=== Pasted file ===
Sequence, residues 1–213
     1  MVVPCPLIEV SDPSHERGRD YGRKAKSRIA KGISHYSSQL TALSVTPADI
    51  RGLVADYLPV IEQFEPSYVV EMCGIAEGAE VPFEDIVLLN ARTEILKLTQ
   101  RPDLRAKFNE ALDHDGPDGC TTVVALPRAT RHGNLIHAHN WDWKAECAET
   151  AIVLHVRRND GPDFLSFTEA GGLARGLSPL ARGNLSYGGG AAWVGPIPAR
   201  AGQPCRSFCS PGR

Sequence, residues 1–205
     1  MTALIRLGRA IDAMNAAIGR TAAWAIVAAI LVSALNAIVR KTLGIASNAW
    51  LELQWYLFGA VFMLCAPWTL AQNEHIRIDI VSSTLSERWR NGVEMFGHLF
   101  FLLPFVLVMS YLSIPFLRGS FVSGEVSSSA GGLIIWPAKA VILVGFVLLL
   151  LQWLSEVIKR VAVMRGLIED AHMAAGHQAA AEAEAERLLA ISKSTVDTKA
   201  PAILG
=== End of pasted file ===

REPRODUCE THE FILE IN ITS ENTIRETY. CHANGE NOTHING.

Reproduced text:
Sequence, residues 1–213
     1  MVVPCPLIEV SDPSHERGRD YGRKAKSRIA KGISHYSSQL TALSVTPADI
    51  RGLVADYLPV IEQFEPSYVV EMCGIAEGAE VPFEDIVLLN ARTEILKLTQ
   101  RPDLRAKFNE ALDHDGPDGC TTVVALPRAT RHGNLIHAHN WDWKAECAET
   151  AIVLHVRRND GPDFLSFTEA GGLARGLSPL ARGNLSYGGG AAWVGPIPAR
   201  AGQPCRSFCS PGR

Sequence, residues 1–205
     1  MTALIRLGRA IDAMNAAIGR TAAWAIVAAI LVSALNAIVR KTLGIASNAW
    51  LELQWYLFGA VFMLCAPWTL AQNEHIRIDI VSSTLSERWR NGVEMFGHLF
   101  FLLPFVLVMS YLSIPFLRGS FVSGEVSSSA GGLIIWPAKA VILVGFVLLL
   151  LQWLSEVIKR VAVMRGLIED AHMAAGHQAA AEAEAERLLA ISKSTVDTKA
   201  PAILG